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Biophile Magazine -- » Computers make kids dumb

"We are constantly taking ideas from the spiritual world and forming them into our own conception of the things we desire. Sometimes the finished product does not satisfy or please us. That is because we have taken the idea away from its true parents, wisdom and love." Daily Guru

Computers make kids dumb

by Andrew Orlowski

FILED IN: Children · Issue 4


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A study of 100,000 pupils in 31 countries around the world has concluded that using computers makes kids dumb. Avoiding PCs in the classroom and at home improved the literacy and numeracy of the children studied.


The UK’s Royal Economic Society finds no ground for the correlation that politicans make between IT use and education. The authors, Thomas Fuchs and Ludger Woessmann of Munich University, used the PISA tests to measure the skills of 100,000 15 year-olds. When social factors were taken into account, PC literacy was no more valuable than ability to use a telephone or the internet, the study discovered.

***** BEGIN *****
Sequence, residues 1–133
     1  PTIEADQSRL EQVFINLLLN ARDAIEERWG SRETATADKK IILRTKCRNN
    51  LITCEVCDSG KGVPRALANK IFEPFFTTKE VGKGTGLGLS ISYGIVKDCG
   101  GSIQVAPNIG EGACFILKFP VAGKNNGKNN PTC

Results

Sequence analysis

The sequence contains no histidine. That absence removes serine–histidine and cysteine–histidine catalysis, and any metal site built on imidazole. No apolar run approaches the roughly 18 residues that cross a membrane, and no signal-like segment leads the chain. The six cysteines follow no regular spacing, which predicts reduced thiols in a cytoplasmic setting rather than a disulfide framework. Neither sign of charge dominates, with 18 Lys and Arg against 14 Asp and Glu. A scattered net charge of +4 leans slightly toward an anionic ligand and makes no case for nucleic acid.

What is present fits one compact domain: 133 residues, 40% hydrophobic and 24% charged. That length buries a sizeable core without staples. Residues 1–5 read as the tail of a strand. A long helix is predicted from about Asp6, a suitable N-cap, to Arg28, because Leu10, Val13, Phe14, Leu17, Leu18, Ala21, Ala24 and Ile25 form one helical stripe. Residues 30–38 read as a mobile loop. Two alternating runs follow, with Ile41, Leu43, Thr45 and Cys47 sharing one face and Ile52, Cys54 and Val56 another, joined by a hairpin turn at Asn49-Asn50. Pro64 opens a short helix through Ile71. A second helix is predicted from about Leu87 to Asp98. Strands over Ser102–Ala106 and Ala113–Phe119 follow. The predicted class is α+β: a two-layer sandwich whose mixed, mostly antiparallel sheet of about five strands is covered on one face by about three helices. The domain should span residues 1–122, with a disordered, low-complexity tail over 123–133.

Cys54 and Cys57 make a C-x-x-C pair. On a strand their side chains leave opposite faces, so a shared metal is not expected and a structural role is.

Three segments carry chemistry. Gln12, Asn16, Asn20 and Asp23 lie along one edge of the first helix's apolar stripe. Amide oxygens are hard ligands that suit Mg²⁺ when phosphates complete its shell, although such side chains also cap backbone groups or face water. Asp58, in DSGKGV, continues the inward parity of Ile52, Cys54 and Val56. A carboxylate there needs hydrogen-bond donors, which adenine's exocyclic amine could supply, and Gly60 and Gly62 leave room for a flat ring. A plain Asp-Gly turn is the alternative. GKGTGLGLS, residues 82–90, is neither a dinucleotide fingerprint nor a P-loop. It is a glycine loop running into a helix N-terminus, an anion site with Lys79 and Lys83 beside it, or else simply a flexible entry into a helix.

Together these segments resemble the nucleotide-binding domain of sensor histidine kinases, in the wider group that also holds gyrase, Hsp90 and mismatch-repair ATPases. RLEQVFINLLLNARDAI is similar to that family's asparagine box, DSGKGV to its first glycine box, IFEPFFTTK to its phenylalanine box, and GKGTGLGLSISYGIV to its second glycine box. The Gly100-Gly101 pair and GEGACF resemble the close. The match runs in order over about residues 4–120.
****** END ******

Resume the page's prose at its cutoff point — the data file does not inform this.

“Holding other family characteristics constant, students perform significantly worse if they have computers at home,” the authors conclude. By contrast, children with access to 500 books in their homes performed better. The negative correlation, the researchers explain, is because children with computers neglect their homework more.
The Royal Society’s quantitative approach mirrors concerned raised by qualitative analysis of technology in education. Children are now awash with “facts”, but don’t know what to do with them.

Schoolchildren are developing a “problem-solving deficit disorder”, and losing the ability to analyze. A better way, experts insist, is to encourage creativity. And the best remedy for this is to turn off the computer and stimulate childrens’ imaginations.